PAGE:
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To Hell With the Chief!

by Dave Lindorff

America doesn’t need a commander in chief. It needs a wise, level-headed leader who has the courage to tell citizens that if we just avoid unnecessary wars, we can cut military spending by $500,000,000,000 per year and still have the mightiest military in the world—and more importantly, a much stronger society and economy.
What is all this nonsense about us electing a “commander in chief”?

Okay, I mean we all know it’s President Bush’s favorite title. He thrills to being a “war president,” and loves strutting around in front of guys in uniform and getting saluted. But really, what is this all about?

The Constitution says that the President is the commander in chief of the army and the navy, and of the militia if it is called to national service. But that is really just for the sake of having a civilian at the top of the food chain.

President cum commander in chiefs do not actually run the military. They aren’t trained to do that any more than they run education, or run the weather service or NASA. Running the military, like running any federal agency, is what the head of that agency does, and in the case of the military, that’s what the Joint Chiefs of Staff do. A president certainly makes critical decisions in choosing who heads each agency, and in broad policy matters by discussing options with department leaders. The same is true in the case of the military with regard to the Joint Chiefs. But presidents decidedly do not act as top generals.

The idea that Americans, when they go to the polls, whether in a primary or in a general election, are choosing a commander in chief, as our feckless media pundits are wont to tell us, or as candidates running for president are fond of saying in these trying times, is not only overwrought rhetoric—it is downright dangerous, and idiotic too.

What voters are electing is the leader of the country—the person who is responsible for administering the federal bureaucracy that protects our environment, regulates our commerce, funds our education system, builds our roads, and, oh yes, chooses the top brass that runs our military.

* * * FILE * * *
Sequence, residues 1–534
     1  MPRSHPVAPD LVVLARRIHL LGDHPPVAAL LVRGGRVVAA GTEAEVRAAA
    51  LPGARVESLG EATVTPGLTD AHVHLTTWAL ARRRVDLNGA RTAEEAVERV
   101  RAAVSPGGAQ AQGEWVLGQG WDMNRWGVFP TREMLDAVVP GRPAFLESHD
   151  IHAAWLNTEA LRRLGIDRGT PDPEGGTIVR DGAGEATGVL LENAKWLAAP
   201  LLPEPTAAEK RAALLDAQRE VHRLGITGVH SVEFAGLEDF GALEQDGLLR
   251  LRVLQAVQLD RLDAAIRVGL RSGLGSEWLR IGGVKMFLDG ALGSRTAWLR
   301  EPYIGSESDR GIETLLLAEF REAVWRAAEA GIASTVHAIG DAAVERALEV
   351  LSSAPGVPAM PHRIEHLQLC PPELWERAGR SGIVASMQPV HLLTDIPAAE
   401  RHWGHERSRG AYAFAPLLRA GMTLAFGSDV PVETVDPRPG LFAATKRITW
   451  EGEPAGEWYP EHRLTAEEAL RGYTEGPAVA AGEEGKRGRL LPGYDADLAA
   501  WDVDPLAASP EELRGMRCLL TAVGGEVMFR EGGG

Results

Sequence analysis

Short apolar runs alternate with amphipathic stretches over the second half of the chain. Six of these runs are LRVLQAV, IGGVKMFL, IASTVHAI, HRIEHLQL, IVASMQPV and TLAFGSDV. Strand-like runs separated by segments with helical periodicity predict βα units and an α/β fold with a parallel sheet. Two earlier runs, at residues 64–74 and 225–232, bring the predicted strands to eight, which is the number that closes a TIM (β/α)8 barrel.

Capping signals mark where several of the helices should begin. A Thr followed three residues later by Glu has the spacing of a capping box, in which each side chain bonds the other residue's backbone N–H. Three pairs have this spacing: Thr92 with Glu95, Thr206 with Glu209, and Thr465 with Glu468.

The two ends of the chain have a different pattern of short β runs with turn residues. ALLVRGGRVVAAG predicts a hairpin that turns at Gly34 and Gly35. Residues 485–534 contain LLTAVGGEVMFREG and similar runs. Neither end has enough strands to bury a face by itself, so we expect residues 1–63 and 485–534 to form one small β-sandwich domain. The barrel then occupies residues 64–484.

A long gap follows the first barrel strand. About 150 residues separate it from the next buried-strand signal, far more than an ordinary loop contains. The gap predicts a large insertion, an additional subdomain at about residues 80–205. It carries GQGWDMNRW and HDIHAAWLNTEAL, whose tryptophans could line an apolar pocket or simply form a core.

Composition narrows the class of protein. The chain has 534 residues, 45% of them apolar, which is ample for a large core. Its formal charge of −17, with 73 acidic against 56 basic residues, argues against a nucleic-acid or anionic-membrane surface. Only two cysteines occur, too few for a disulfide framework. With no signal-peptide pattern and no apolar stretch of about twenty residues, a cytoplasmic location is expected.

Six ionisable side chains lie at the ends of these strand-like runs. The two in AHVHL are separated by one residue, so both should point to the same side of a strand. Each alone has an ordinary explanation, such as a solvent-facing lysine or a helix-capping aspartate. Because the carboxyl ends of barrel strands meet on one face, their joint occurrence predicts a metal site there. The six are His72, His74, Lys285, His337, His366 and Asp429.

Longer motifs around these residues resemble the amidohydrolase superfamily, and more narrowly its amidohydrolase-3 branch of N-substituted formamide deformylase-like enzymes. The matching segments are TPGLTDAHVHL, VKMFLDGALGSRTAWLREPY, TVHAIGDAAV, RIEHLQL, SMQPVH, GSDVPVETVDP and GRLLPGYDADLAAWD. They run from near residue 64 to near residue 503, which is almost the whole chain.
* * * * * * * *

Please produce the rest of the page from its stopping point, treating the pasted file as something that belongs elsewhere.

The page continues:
Great presidents in wartime—Abraham Lincoln, Woodrow Wilson and Franklin Roosevelt--were great not because they were generals. Certainly Lincoln and Wilson had no significant military experience, and Roosevelt’s military experience was limited. And generals who have been presidents have been a mixed bag. General Grant was by all accounts a poor president; Eisenhower a good one.

Our current commander in chief, because he is obsessed with this one little aspect of his job description, has plunged the country in to the most disastrous war of its history—a war fought entirely on borrowed funds. Faced with a handful of rag-tag terrorists, he has bloated the military with 30 percent more money over the course of his tenure, so that today, the American military budget, in inflation-adjusted dollars, is about to equal the amount the government spent on the military in World War II, when the entire nation was mobilized to confront two powerful adversaries in a global conflict involving millions of American troops.

What a pathetic picture!

America doesn’t need a commander in chief. It needs a wise, level-headed leader who has the courage to acknowledge that you can’t solve problems by throwing ordnance at them, the courage to tell the citizens of the country that we don’t need to spend $1 trillion a year on war and preparations for war, and that in fact, if we cut that spending by two-thirds or three-fourths, we’d still have the mightiest military in the world—and more importantly, a much stronger society and economy.

What America needs is a president who sees the military as an option of last resort, not an option of first resort.

Let’s banish this commander in chief nonsense from the campaign. Bush has already made the title laughable. That is the response we should have when we hear someone say that title in public/

A guffaw.

Lindorff speakingAbout the author: Philadelphia journalist Dave Lindorff is a 34-year veteran, an award-winning journalist, a former New York Times contributor, a graduate of the Columbia University Graduate School of Journalism, a two-time Journalism Fulbright Scholar, and the co-author, with Barbara Olshansky, of a well-regarded book on impeachment, The Case for Impeachment. His work is available at

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This story was published on February 7, 2008.